Subject: Re: Importing PaX features to NetBSD
To: Elad Efrat <elad@NetBSD.org>
From: Jason V. Miller <firstname.lastname@example.org>
Date: 12/19/2005 13:06:02
I sent an e-mail to Elad after his original post, and he encouraged me to
forward my thoughts to the list. I'll try to be as brief as possible, as I
know this list is reserved for technical discussion.
For what it's worth, as a user of NetBSD there is no security-related
technology that I'd rather have included in the operating system than the PaX
feature-set. If implemented correctly and in its entirety, it all but
eliminates several classes of vulnerabilities from userland applications. I
don't think I'm exaggerating when I say that PaX is one of the most effective
security innovations in use today, and that it is probably the single most
important feature set that could be incorporated into NetBSD to help increase
it's resilience against attacks.
While implementing the entire PaX feature-set into NetBSD might not be a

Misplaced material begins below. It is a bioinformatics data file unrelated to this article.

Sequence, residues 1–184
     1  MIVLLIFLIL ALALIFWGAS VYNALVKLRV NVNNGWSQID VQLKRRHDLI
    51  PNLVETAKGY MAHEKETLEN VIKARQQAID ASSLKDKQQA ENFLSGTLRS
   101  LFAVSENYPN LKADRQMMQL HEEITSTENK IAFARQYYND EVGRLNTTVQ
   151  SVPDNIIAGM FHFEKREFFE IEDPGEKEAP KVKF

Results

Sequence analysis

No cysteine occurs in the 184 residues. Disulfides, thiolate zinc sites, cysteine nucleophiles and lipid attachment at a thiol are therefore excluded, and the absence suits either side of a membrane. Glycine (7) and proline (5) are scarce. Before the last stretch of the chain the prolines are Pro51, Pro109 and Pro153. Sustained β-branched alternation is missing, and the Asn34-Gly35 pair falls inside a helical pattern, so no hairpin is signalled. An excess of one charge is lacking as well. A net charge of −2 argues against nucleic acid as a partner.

trivial task, I believe that it's very worthwhile, and couldn't imagine a
better project to dramatically enhance the overall security of NetBSD.
On Sun, Dec 18, 2005 at 02:13:34AM +0200, Elad Efrat wrote:
> There's a Linux hardening project called PaX. Few years ago it
> introduced some new interesting approaches to security, that over time
> proved themselves to be of help when facing mostly unknown threats. The
> idea behind this approach is that you design the security of the system
> to prevent the exploit, and not the vulnerability.
> The PaX project can be found on the web at
> What I would like to discuss is the possibility of importing two
> important features from PaX -- ASLR and MPROTECT.
> I've CC'd this mail to the PaX author, who knows about this stuff a lot
> more than I do (and is in general a very cool dude :) so he could give
> his comments during the discussion; please CC him on replies as well.
> Elad Efrat
Jason V. Miller, Threat Analyst